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This chapter is from the book

Inserting Snippets from Code Templates

As you are typing in the Source Editor, you can use code templates to greatly speed up the entry of commonly used sequences of reserved words and common code patterns, such as for loops and field declarations. The IDE comes with a set of templates, and you can create your own.

Some code templates are composed of segments of commonly used code, such as private static final int. Others are more dynamic, generating a skeleton and then letting you easily tab through them to fill in the variable text (without having to use the mouse or arrow keys to move the cursor from blank to blank). Where a code snippet repeats an identifier (such as an Iterator object, as shown in Figure 5-4), you just have to type the identifier name once.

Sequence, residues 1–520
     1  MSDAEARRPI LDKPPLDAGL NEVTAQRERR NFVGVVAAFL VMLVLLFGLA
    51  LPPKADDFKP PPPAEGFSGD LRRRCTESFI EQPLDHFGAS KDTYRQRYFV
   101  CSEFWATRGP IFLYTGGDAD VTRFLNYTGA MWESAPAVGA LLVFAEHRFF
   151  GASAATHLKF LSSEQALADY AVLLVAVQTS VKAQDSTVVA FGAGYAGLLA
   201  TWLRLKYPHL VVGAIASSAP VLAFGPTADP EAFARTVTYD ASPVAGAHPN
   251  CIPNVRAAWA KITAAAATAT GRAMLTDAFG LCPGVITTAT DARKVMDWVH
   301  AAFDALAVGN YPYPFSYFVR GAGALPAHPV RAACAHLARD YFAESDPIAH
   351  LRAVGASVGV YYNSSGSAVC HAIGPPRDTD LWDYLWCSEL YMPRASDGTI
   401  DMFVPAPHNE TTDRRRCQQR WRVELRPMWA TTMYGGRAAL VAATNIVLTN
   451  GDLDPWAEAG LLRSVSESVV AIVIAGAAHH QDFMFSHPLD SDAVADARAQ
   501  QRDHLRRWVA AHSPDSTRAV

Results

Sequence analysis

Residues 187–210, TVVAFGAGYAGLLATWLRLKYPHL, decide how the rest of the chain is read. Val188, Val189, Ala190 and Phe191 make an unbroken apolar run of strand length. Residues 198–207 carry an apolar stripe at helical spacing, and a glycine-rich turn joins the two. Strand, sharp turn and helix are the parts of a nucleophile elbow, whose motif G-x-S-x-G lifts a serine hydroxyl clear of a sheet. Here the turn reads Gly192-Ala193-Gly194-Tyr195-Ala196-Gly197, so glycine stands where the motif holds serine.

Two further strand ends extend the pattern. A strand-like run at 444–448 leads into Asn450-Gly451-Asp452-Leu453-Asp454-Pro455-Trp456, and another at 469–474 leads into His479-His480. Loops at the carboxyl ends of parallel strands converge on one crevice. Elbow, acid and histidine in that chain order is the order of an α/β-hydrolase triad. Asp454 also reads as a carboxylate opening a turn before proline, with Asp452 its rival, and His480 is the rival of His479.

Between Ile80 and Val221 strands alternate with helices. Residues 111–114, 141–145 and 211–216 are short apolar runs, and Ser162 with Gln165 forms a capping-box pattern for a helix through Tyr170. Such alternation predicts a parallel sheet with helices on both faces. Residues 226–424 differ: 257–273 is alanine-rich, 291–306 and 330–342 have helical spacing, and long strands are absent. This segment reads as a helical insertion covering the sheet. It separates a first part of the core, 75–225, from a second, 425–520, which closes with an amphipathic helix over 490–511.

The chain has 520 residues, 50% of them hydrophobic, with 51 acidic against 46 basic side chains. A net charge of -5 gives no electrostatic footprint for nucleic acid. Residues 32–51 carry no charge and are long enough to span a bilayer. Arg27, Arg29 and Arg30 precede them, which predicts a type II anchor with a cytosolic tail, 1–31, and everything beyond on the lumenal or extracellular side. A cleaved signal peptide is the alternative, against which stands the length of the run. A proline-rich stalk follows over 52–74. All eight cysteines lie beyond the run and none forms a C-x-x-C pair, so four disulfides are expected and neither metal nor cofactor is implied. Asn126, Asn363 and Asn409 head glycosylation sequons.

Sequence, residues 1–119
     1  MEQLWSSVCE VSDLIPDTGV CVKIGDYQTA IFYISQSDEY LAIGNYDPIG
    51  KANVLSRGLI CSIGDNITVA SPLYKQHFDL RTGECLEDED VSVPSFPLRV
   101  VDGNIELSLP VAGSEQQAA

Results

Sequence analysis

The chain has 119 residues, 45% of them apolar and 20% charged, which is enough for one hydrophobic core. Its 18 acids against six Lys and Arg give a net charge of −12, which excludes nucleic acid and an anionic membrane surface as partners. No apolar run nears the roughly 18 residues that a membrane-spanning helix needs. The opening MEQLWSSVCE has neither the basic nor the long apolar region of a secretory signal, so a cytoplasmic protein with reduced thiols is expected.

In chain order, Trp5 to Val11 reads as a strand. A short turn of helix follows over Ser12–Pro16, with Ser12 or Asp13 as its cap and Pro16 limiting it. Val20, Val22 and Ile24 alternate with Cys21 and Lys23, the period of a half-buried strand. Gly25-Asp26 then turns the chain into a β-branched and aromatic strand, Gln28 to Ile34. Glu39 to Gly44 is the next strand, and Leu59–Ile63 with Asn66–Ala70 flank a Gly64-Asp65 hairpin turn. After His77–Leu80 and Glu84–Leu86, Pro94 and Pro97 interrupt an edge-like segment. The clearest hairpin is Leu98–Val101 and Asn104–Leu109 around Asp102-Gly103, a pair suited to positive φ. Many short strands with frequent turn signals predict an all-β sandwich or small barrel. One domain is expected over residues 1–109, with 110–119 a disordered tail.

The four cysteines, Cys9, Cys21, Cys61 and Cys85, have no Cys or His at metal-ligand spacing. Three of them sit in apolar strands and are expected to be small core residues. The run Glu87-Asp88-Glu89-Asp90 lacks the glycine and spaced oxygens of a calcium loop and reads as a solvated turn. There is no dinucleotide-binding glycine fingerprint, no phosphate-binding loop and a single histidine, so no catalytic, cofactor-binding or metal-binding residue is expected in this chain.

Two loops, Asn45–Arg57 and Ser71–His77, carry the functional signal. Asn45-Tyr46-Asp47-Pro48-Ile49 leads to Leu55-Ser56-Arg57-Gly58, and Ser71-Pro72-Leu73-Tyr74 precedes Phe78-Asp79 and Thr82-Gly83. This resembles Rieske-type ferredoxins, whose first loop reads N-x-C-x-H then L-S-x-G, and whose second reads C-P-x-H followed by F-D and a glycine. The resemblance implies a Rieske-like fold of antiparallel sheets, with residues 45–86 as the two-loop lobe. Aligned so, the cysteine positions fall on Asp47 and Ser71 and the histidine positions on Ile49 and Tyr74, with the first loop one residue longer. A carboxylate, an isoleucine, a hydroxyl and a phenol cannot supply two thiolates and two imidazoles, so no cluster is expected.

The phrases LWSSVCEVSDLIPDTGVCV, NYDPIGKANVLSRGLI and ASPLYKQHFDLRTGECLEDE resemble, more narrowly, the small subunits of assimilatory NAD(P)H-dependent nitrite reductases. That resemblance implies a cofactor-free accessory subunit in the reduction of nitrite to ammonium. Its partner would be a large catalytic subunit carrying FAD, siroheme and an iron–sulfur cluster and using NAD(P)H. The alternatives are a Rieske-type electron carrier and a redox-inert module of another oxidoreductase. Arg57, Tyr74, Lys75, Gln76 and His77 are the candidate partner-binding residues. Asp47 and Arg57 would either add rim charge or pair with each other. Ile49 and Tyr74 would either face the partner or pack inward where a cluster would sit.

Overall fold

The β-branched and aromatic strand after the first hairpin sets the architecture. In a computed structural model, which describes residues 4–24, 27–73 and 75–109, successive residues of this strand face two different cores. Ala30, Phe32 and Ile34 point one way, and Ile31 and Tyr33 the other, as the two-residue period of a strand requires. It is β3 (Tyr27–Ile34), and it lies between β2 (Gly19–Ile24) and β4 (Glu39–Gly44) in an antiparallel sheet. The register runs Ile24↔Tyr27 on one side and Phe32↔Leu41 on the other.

keegan_fig05_04.jpg

Figure 5-4 Code template with variable text to be inserted

Here are a few examples:

  • You can use the newo template to quickly create a new object instance. You type newo and a space, the IDE generates Object name = new Object(args); and highlights the two occurrences of Object. You can then type a class name and press Tab. Both occurrences of Object are changed to the class name and then args is selected. You can then fill in the parameters and press Enter to place the insertion point at the end of the inserted code.

    You can use Shift-Tab to move backward through the parameters. You can press Enter at any time to skip any parameters and jump straight to the end of the template (or where it is specified that the cursor should rest after the template's parameters are filled in).